Deep Sea

Overview

In the deep waters of the Greater Farallones National Marine Sanctuary lie unique organisms and dramatic geological features. Less than 80 kilometers (50 miles) offshore, the steep continental slope descends into the deep sea to depths beyond 200 meters (660 feet) with the deepest parts of the sanctuary exceeding 2,000 meters.

The deep sea is the largest habitat on earth and is home to many relatively unknown biological communities. It is only in the past two decades that better technologies have allowed humans to view previously unseen areas: the development of camera-equipped remotely operated vehicles (ROVs) and manned submersibles provide a new window on this world.

In the “old” days, exploration of deep-sea life involved dragging a net along the bottom or through the open water. Delicate animals such as jellies came back to the ship damaged beyond recognition. Today, ROVs have substantially increased our knowledge because they allow us to observe animals in their natural habitat and better understand how they interact with each other and with their environment.

There are two major habitats in the deep sea:

  • The “midwater”: Animals such as fishes, squid and jellies live their entire lives floating here, in the vast area where one can see neither the seafloor below nor the sunlight above. Small bacteria and crustaceans are also abundant in this zone.
  • The seafloor, or “benthos”: This habitat is dominated by microscopic animals living in the mud, a diverse array of larger surface-dwelling invertebrates (sea stars, urchins, sponges, brittle stars, etc.) and fishes that live on or just above the seafloor. The biological diversity of the sanctuary is due, in part, to diverse benthic habitats, ranging from huge expanses of soft sediment to hardened mud and rock. Rock outcrops on deep-sea canyon walls provide a hard surface on which sponges, anemones and other fixed organisms live.

Deep-sea life is adapted to dark, cold, high-pressure and low-oxygen conditions. Compared to the relatively shallow water habitats (less than 200 meters) along the California coast, food is generally scarce at depth. Some animals adjust to these harsh conditions, making use of a habitat few others can tolerate; it reduces competition for food and their chances of being eaten.

Organisms have adapted in a variety of ways. Natural light penetrates to only about 300 meters, so marine plants, which need sunlight, are absent below this depth. Because it is dark, many animals don’t have the ability to see; others have extraordinarily sensitive eyes to pick up what little light is available. Many deep-sea organisms make their own light – a chemical reaction called bioluminescence. Bright displays of light may be used to communicate, attract mates, create confusion (and thus avoid a predator) or lure food.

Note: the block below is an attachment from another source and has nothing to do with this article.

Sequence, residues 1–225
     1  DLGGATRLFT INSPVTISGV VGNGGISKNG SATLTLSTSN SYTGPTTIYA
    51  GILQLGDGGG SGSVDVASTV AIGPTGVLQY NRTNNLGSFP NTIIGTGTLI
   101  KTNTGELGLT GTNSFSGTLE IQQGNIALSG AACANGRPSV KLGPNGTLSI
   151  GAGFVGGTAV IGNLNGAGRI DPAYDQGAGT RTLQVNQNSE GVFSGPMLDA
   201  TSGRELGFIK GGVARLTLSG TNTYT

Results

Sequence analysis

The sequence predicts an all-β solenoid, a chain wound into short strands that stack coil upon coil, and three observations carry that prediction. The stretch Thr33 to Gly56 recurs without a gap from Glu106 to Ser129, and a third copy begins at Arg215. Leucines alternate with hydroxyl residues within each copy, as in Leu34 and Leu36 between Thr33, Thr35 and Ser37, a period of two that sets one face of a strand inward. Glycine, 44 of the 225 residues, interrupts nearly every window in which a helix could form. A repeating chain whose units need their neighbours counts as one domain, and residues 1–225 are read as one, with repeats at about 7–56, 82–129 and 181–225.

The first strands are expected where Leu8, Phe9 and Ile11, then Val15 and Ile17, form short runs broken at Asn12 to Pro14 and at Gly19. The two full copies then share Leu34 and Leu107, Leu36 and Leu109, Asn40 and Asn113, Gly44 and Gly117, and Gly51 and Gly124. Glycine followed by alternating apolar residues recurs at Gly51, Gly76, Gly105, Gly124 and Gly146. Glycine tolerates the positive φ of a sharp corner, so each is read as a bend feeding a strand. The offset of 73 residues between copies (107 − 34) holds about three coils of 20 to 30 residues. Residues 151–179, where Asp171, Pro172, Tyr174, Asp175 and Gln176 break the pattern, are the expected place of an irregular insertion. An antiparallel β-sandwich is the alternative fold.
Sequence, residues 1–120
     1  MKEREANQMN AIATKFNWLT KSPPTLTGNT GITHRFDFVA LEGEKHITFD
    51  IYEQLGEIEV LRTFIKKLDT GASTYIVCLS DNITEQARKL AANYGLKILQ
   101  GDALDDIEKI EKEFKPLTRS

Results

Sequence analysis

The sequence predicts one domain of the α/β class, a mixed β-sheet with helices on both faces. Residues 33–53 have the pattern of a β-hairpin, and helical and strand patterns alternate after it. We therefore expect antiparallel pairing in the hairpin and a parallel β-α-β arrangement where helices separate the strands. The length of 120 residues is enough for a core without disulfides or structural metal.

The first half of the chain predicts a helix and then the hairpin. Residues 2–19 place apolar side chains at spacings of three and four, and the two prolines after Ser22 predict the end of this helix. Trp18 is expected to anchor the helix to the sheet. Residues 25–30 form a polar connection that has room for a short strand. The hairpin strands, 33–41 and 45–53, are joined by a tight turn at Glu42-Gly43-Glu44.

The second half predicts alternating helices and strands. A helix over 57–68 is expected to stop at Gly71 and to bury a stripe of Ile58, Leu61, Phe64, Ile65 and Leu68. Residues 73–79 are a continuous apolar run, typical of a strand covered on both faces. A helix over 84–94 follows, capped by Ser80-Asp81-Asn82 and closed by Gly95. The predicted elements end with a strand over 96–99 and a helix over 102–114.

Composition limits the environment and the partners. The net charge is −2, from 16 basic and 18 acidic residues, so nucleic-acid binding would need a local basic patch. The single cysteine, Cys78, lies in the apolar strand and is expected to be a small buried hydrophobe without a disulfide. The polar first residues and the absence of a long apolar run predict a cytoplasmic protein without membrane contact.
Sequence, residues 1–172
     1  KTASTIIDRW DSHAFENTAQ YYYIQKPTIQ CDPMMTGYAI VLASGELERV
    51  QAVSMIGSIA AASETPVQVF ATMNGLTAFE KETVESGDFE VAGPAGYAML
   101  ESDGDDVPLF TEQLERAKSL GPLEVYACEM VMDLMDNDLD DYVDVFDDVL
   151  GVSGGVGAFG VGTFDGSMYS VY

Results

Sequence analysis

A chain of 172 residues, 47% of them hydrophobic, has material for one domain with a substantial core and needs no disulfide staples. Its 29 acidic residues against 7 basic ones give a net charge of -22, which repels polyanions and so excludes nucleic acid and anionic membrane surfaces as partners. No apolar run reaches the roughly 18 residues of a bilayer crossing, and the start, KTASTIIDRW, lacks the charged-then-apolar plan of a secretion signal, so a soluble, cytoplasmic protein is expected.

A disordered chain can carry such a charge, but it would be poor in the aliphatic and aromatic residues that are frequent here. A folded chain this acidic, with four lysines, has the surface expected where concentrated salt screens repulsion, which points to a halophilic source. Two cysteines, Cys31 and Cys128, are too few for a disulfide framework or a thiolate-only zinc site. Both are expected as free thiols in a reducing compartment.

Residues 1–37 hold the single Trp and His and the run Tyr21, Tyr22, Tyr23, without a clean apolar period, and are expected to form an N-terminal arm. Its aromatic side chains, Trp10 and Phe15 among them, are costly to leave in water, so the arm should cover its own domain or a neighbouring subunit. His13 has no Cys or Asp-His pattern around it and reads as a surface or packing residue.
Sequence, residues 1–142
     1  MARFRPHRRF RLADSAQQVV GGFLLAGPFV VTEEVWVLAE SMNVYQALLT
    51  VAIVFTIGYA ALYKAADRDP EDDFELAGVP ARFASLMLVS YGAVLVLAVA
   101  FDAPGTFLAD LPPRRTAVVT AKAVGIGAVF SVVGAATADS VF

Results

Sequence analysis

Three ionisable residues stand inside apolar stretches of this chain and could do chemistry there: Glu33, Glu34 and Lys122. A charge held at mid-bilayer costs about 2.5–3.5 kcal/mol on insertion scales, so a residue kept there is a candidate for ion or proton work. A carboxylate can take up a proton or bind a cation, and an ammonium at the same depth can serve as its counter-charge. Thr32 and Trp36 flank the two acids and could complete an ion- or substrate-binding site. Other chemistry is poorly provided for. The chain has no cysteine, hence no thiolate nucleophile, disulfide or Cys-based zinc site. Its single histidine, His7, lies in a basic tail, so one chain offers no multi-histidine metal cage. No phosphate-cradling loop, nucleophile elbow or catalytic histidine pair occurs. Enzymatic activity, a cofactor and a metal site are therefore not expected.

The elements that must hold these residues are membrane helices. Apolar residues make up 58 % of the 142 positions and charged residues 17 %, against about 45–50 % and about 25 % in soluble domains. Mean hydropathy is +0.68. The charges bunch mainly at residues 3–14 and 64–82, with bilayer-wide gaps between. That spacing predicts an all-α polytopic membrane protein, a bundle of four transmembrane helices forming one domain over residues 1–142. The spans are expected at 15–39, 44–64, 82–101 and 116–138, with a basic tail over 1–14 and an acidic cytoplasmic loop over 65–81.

The cold water slows an animal’s metabolism. Most deep-sea animals move very slowly, and some employ special enzymes to deal with this unique environment. Slow metabolism may account for the long lives of deep-sea organisms, including certain rockfishes that can live for more than 200 years. Other animals, like sea cucumbers, carry high levels of unsaturated fat in their cell walls to maintain membrane fluidity in this cold, high-pressure environment.

Food is generally limited in the deep sea, so finding it and capturing it is more difficult. Many animals feed on an array of discarded biological material called “detritus,” which rains down from above as a result of the activities of animals in shallower water.

Whatever these animals discard or shed provides food that sinks to the seafloor for scavengers and mud-feeding organisms like brittle stars and sea cucumbers. On occasion, large “food falls,” like dead whales or dead kelp, sink from above, attracting large numbers of animals that come to take advantage of the bounty.

Human Interaction
It is essential to monitor human impacts on the ocean so that we can understand how our activities change our environment. A clear understanding of these effects can help resource managers and policy makers develop sound conservation strategies.

Conservation and management issues affecting sanctuary resources in the deep sea include seabed disturbance, non-sustainable fishing and radioactive waste.

  • Bottom trawling: This practice is widely believed to have negative impacts on benthic habitats, such as modification of the substrate, disturbance of soft-bottom communities and removal of non-target fish species. The structure of entire seafloor communities is at risk from this fishery practice. Currently, there is an incomplete picture about the extent of these impacts in the sanctuary, but the use of trawl gear is an ongoing source of concern.